Here’s what got me going on this. I see this butthole governor of Indiana, Mike Pence, in a clip from the George Stephanopoulos show, in which Pence is smearing himself with his own feces trying to slither out of answering a yes or no question from Stephanopoulos as to whether the law he has just signed would allow a Baker to refuse to cater a same-sex wedding if the baker felt that in so doing it would offend his religious principles. Pence refuses to answer, blathering on about how people don’t understand what the law is really about (when his problem is that we do). But he has a problem, which is that there are many businesses in the state who are concerned about this law because there is growing talk of corporations, tourists and other entities boycotting Indiana because of its bigotry.*
But that evening I happen to be watching a movie in which there was a scene of sexual relations between two gay men. It was a DVD, and I did what I usually do when I encounter the scenes in movies that I am watching; I fast forwarded through the scene. I should point out here that I also do this with sex scenes between heterosexual couples in films that I am watching, not because I am a prude, but because I find these scenes often extremely gratuitous, almost always boring, and disruptive of the continuity of the narrative.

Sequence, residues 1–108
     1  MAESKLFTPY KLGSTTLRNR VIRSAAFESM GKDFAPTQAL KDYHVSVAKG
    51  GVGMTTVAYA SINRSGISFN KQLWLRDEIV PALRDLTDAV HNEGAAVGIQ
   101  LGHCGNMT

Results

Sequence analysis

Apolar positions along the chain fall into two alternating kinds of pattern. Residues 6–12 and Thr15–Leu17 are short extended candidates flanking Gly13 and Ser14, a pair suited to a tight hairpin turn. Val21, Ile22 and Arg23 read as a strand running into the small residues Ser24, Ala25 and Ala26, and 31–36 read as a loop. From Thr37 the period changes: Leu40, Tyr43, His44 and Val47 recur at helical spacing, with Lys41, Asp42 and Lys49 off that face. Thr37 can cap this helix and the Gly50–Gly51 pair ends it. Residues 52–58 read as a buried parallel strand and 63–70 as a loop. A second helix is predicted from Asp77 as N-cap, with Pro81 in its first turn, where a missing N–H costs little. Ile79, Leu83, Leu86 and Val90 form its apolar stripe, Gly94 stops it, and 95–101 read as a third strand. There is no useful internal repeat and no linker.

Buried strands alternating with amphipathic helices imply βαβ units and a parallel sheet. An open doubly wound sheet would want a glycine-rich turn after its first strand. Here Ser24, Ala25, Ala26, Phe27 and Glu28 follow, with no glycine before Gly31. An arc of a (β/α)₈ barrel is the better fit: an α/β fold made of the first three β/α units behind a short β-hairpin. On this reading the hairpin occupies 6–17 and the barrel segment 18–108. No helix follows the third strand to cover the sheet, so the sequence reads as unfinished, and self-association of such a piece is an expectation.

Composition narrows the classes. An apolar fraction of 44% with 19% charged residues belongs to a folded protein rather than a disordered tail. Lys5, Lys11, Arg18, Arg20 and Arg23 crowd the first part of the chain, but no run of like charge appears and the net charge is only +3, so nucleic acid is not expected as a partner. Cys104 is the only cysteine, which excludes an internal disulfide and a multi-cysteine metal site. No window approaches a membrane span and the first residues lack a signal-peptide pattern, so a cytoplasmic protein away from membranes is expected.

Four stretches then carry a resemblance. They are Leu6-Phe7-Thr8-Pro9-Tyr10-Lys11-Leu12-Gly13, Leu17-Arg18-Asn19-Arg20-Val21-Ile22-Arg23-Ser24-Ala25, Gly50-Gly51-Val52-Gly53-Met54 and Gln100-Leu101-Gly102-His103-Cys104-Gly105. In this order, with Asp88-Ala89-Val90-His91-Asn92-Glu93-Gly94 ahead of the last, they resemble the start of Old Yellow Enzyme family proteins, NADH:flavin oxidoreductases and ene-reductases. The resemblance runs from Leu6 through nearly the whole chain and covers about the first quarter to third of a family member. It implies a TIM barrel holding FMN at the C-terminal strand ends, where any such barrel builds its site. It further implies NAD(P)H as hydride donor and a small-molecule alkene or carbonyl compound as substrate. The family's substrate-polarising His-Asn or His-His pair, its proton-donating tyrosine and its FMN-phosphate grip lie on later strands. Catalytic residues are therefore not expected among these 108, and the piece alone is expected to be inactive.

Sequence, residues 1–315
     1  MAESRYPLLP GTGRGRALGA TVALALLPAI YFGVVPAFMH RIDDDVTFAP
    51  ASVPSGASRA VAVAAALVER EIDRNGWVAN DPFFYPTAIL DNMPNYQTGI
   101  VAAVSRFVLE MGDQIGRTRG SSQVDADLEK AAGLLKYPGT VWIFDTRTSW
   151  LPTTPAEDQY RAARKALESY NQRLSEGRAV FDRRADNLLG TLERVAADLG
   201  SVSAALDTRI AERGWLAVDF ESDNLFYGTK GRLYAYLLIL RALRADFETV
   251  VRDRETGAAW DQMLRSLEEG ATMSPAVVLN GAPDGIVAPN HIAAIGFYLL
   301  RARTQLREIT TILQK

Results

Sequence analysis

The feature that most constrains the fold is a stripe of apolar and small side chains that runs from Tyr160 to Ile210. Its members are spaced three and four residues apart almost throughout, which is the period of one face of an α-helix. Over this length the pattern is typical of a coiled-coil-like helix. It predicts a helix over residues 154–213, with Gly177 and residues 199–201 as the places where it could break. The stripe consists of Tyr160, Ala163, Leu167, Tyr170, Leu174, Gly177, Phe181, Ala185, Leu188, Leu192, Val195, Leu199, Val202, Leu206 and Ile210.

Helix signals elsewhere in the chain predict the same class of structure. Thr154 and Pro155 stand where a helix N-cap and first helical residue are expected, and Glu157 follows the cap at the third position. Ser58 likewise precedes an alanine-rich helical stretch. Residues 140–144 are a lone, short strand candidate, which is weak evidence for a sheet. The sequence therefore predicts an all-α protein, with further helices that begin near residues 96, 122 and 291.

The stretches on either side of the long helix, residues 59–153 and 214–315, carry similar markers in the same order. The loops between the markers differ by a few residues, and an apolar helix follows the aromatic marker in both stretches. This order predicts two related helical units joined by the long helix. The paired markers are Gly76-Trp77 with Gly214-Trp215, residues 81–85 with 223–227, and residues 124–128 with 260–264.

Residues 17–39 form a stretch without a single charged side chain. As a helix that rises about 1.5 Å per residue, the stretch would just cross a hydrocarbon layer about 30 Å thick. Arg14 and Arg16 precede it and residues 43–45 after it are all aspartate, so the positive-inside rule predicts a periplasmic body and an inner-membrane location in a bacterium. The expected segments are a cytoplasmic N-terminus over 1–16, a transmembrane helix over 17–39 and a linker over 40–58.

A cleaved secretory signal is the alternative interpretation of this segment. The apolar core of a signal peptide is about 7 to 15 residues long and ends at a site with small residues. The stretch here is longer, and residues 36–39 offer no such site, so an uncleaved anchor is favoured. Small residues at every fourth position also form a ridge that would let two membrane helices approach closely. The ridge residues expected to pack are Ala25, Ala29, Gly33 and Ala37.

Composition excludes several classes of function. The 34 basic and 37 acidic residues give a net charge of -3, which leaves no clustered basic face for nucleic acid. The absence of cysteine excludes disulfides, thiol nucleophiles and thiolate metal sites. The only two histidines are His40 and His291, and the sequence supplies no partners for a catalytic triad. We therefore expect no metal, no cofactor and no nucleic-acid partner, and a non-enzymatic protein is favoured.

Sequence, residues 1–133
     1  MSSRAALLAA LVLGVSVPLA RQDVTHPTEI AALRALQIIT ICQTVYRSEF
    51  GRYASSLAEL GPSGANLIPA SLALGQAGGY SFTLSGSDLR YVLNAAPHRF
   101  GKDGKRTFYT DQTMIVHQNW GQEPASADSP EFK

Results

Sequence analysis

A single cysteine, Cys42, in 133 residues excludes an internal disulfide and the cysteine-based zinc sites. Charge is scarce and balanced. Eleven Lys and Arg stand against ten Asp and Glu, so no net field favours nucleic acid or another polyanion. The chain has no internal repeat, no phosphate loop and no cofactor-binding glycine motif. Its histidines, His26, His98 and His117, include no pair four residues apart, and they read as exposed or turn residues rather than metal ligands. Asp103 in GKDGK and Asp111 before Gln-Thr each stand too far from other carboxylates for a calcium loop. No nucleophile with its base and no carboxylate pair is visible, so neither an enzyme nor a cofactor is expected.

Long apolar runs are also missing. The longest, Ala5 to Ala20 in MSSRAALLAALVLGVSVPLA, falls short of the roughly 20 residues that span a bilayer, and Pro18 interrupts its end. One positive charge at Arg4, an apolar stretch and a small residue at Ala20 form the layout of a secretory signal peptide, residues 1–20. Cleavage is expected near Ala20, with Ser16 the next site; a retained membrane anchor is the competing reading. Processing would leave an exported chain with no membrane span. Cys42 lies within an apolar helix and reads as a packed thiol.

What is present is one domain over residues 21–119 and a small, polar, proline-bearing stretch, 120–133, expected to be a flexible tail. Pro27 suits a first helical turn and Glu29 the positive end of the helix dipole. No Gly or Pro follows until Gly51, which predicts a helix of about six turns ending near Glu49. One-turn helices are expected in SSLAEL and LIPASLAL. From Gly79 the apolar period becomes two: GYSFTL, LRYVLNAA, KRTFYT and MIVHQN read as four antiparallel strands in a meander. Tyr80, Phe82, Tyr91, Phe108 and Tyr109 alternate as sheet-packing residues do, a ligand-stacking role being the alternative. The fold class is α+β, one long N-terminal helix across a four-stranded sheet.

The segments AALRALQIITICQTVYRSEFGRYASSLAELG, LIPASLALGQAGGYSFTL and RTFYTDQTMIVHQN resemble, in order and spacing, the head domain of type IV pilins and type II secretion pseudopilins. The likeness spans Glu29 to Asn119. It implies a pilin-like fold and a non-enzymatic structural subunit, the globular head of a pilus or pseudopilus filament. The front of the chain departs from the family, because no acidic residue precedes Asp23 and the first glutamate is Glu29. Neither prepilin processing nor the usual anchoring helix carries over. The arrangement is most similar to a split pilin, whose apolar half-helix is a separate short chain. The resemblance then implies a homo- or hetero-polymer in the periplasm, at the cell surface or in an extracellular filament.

But I noticed that the sex scene between the gay couple struck me differently. The best way I can put it is that it has the same affect upon me as somebody scratching their fingernails on a blackboard. Gay sex makes me uncomfortable. (And, yes, I know someone is already saying, “Ah, this is the cry of a repressed homosexual.” Wrong; I am not gay, and you are a pea-brained asshole.)